Garner, Sheldon and Forbes (2016) believe we are at a “tipping point in mobile working.” Their report, “Working Anywhere: A winning formula for good work,” highlights trends which show remote working is slowly and infrequently being adopted. It is estimated that 1/3 of the entire labour force works remotely at sometime and they predict that this will be 70% in 2020. With technology, work now doesn’t need to be in an office. So what does this mean for traditional command and control leadership practises? How open are we to acknowledge that the traditional presenteeism reinforces this command and control approach, a distinguishing trade mark of the supervisors in the Industrial Revolution. One of the worst legacies of a system that encouraged working in the office in the boss’ sight-line was the rise of presenteeism: showing up early and staying late to prove commitment and ‘loyalty’, regardless of whether much was actually achieved. In agile offices, technology can be used to put the emphasis more firmly on outcomes and real results. Allowing workers to focus on completing tasks in a way that suits them, in support of a larger goal, makes for a more productive, engaged workforce at a time that works well for them and their lives.

The traditional societal practises of going to work in the future may mean just opening your laptop.
In order for these practises to be embraced, business leaders will need to acknowledge and adjust their perceptions of what work is. If technology is seen separately to business strategy then the leaders within these businesses will be less likely to implement the changes it can offer. Gartner et all note, “Technology is not universally embedded in all business strategies, nor is it viewed by all as universally good.” The report found that there were two camps with respect to technology: those who were concerned so try to break it, and those who were excited by technology and can’t wait to try it. When any revolution happens this response to change is very human, but leaders need to understand how they can support this change.

How should we communicate in the new world?

A lack of presence in the office doesn’t have to mean a lack of communication. With the line between social and work increasingly blurring, the use of WhatsApp, Slack, emails, and Gmail is a great way to keep the lines of contact open.

Over the past few years many businesses have adopted multi-channel systems to enable their customers to reach them in whatever way they prefer. The banking industry moving from the high street to a comprehensive online and mobile service is a prime example. If it’s a good idea for customers, it follows that it’s good for employees!

Sticking solely to email and conference calls can make remote or flexible workers seem distant and disengaged. At ThoughtWorks, we make time to schedule ‘virtual coffee catch ups’ after meetings where people can natter under less pressure. These work really well as once people have established an initial relationship, they can build on it remotely. This is using technology to replicate those valuable ‘water cooler conversations’ of old, and still strengthen colleague relationships whilst embracing the new system of working.

Having multiple communications channels can seem challenging and hard to manage, but it’s definitely the wave of the future. In addition to being digital-natives, millennial workers are multi-lingual, using email, texting, messaging groups, image-services and microblogs seamlessly, swapping between them whenever one is more fit for purpose. Traditional businesses have an instinct to monitor and control conversations, which is easier with fewer ‘official’ channels. In order to capitalise on bright new thinking, it’s important to use all opportunities that communication channels can offer.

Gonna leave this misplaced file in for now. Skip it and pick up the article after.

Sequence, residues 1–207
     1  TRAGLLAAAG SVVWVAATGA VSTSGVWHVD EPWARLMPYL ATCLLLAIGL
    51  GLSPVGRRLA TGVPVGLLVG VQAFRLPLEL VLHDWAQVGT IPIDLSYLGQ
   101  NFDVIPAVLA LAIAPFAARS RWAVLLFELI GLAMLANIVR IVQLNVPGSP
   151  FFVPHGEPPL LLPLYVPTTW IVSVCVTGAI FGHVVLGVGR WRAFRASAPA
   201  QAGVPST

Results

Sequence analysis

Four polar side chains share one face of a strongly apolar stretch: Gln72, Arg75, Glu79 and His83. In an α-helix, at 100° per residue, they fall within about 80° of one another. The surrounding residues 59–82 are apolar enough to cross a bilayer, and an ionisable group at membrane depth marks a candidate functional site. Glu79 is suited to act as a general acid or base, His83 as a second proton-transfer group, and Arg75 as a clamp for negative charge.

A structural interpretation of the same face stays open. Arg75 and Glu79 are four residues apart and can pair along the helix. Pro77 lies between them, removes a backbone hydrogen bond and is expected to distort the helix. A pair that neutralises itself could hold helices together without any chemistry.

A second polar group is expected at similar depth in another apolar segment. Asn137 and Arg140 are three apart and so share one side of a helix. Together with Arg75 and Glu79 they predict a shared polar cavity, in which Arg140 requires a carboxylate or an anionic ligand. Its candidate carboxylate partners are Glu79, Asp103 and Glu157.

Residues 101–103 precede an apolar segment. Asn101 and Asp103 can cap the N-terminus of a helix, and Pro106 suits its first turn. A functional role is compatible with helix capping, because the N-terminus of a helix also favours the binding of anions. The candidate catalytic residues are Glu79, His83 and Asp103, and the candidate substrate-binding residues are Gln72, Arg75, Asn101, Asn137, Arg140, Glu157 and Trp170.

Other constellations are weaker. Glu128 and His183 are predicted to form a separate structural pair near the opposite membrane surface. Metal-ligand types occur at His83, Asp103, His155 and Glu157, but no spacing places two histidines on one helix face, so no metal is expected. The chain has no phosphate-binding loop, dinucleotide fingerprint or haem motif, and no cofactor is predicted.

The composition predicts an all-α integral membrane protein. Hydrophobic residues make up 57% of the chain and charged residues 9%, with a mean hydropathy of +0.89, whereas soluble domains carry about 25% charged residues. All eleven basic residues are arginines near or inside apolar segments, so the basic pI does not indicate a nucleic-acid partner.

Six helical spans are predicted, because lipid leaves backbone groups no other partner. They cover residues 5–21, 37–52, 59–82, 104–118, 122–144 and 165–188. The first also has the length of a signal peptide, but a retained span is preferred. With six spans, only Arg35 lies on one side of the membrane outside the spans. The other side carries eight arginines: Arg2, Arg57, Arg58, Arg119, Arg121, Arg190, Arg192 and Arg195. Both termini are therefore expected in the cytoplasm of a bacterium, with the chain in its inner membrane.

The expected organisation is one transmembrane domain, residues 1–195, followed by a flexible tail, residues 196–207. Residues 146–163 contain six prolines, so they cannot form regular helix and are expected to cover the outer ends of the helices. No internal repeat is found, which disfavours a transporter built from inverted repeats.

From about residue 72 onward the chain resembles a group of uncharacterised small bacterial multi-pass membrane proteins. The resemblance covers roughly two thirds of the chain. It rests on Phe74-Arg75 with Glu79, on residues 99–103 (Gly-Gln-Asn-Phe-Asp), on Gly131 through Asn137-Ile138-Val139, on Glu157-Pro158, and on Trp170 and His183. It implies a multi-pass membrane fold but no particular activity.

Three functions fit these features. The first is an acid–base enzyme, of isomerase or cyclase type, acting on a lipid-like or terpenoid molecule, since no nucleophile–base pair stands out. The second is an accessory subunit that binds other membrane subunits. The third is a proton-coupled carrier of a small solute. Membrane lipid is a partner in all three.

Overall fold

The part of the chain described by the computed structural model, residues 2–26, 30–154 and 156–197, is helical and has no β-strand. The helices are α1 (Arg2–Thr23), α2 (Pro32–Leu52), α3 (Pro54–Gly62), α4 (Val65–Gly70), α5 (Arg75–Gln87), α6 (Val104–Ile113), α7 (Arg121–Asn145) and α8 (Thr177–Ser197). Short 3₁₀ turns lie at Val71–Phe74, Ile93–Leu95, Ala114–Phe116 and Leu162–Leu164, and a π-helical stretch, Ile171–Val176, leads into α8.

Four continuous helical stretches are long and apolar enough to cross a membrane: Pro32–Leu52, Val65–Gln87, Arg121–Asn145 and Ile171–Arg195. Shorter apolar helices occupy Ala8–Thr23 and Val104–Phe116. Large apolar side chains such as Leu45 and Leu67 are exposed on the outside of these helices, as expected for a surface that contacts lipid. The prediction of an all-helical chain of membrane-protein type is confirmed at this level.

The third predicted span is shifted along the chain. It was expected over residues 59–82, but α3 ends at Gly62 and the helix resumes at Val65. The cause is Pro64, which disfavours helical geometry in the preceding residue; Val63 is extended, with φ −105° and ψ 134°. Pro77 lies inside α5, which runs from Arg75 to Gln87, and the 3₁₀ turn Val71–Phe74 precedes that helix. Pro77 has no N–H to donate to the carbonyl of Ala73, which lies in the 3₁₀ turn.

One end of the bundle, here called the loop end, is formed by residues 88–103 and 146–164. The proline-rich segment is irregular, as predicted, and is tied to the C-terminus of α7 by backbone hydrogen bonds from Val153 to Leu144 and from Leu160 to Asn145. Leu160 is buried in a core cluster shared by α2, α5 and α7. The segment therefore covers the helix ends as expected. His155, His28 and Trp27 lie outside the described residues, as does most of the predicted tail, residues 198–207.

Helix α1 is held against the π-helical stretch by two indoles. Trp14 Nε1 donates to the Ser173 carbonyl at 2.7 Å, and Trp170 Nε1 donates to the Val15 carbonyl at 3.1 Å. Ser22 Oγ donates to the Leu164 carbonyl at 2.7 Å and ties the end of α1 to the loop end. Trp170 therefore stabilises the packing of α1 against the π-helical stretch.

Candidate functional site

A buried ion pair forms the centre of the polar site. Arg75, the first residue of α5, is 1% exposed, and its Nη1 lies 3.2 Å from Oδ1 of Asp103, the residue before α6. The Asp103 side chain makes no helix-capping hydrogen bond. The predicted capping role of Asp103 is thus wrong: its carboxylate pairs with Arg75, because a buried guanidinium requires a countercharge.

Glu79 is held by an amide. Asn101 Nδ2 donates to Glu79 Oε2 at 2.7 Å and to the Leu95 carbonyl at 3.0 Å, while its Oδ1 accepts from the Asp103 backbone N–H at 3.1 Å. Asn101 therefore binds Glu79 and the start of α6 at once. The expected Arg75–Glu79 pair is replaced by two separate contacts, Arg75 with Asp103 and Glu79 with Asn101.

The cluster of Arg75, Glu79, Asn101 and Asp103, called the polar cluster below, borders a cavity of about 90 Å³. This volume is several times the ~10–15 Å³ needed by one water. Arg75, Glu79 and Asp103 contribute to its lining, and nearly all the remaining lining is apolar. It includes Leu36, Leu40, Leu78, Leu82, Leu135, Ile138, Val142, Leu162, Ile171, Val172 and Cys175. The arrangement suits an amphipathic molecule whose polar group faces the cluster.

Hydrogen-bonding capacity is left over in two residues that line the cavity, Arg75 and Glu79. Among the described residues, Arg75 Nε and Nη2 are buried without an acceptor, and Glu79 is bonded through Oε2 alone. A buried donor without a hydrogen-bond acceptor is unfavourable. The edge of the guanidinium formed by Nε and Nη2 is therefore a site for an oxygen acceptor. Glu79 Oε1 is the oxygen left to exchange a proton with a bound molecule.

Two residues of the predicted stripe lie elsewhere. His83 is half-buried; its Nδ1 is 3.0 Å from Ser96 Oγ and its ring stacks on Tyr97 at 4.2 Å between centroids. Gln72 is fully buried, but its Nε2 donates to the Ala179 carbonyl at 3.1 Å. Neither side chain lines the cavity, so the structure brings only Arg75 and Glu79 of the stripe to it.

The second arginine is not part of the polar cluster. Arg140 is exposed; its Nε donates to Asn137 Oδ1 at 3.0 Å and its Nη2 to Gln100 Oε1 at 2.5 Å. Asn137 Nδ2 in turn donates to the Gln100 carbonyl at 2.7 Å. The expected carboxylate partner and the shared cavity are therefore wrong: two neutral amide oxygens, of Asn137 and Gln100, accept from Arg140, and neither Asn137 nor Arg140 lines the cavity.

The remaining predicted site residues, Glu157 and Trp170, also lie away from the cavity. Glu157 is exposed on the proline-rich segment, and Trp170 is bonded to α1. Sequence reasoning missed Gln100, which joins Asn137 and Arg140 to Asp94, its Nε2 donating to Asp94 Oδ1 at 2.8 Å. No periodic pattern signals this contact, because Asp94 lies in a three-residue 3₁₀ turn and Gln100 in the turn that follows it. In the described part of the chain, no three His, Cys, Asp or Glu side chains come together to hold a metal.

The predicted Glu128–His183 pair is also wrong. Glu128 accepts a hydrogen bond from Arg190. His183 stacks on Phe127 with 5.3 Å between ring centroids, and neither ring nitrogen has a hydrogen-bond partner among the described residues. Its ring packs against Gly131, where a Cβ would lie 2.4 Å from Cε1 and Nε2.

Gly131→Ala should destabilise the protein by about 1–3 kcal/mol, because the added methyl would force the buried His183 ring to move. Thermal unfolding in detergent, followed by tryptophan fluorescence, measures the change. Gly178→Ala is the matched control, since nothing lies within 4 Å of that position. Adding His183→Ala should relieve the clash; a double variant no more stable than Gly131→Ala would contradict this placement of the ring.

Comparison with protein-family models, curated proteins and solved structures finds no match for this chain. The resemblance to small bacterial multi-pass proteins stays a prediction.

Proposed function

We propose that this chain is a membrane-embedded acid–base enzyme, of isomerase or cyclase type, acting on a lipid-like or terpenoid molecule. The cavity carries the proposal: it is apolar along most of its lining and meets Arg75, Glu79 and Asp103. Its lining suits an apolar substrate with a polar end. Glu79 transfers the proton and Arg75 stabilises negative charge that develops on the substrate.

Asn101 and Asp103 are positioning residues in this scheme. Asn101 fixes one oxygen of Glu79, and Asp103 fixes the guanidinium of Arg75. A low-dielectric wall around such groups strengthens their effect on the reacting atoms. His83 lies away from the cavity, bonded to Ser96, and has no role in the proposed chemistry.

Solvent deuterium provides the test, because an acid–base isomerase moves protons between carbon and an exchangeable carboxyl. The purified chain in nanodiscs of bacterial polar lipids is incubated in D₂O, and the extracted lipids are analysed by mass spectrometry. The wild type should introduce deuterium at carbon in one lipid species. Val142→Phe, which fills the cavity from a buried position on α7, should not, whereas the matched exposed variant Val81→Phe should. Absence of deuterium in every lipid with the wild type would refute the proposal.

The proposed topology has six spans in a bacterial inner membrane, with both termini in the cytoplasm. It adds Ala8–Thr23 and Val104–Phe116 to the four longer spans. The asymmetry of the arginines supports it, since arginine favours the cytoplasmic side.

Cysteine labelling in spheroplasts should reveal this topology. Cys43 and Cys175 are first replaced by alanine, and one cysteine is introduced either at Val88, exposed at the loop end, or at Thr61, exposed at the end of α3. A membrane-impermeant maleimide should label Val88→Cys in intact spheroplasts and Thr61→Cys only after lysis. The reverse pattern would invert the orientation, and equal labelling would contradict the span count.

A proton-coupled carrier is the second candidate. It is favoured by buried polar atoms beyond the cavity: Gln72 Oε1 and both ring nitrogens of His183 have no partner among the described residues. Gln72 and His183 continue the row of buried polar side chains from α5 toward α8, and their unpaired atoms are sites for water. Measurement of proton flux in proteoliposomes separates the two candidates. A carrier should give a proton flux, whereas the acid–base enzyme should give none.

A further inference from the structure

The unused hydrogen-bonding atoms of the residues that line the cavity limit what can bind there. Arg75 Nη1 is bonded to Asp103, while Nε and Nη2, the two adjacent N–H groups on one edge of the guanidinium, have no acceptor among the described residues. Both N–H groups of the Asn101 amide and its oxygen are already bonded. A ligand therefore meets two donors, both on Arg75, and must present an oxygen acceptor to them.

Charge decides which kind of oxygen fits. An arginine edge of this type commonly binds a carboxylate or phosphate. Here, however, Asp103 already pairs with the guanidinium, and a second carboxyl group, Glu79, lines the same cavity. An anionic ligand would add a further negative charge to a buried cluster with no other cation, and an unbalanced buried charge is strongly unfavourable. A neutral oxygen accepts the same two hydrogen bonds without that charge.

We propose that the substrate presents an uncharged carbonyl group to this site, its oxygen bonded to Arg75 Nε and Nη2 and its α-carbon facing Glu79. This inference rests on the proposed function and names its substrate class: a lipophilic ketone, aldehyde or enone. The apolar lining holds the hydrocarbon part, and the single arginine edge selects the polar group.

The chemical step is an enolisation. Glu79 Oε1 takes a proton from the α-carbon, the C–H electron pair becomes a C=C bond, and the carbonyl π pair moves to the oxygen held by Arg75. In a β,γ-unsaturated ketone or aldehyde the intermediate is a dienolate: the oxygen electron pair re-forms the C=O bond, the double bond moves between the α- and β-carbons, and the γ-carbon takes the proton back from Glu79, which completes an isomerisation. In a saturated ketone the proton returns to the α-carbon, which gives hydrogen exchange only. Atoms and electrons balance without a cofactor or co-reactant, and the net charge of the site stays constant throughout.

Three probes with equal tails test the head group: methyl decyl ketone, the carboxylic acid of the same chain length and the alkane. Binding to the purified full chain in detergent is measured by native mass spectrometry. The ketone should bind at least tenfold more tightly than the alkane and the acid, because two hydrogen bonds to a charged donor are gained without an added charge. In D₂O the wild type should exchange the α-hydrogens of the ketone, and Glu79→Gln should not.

The ‘Trust’ Revolution

Ultimately, for all its technological advantages, the new workplace revolution will be defined by people and attitudes. Making real, positive change requires focus on the most important, underlying human factor to all organisational change: trust.

The perception of needing to control and manage people on the shop-floor through overseeing them is a hangover from the Industrial Age. In order to evolve, leaders need to embrace the technologies now available to help them learn to trust workers to get the job done. This might be a massively different way of working and thinking, but courageous leaders, using technology to observe the progress and results provided by their flexible teams, will soon recognise that an agile workforce built on trust is more productive, healthy and future-fit.

It’s never easy being swept along in a revolution; it’s hard to distinguish the real, enduring changes from the passing fads. However, judging by our experiences at ThoughtWorks and our courageous, technology-embracing clients, I have seen how using technology to facilitate more adaptable, autonomous workforces is the way of the future. Stronger levels of trust between managers and more self-sufficient workers is the best way to ensure the Technology Revolution creates a workplace free from the limitations of the outdated, exploitative and narrow-minded structures of the past.

Article written by Jackie Kinsey is Chief Leadership Officer at ThoughtWorks.

WeAreTheCity features in MediaPlanet’s women in STEM campaign

WeAreTheCity has contributed to Media Planet’s Women in science, technology, engineering and maths (STEM) campaign for a second year.

WeAreTheCity wrote an article detailing why the technology industry needs to work together to solve the IT skills gap and the dangers of working fragmentally.STEMcampaign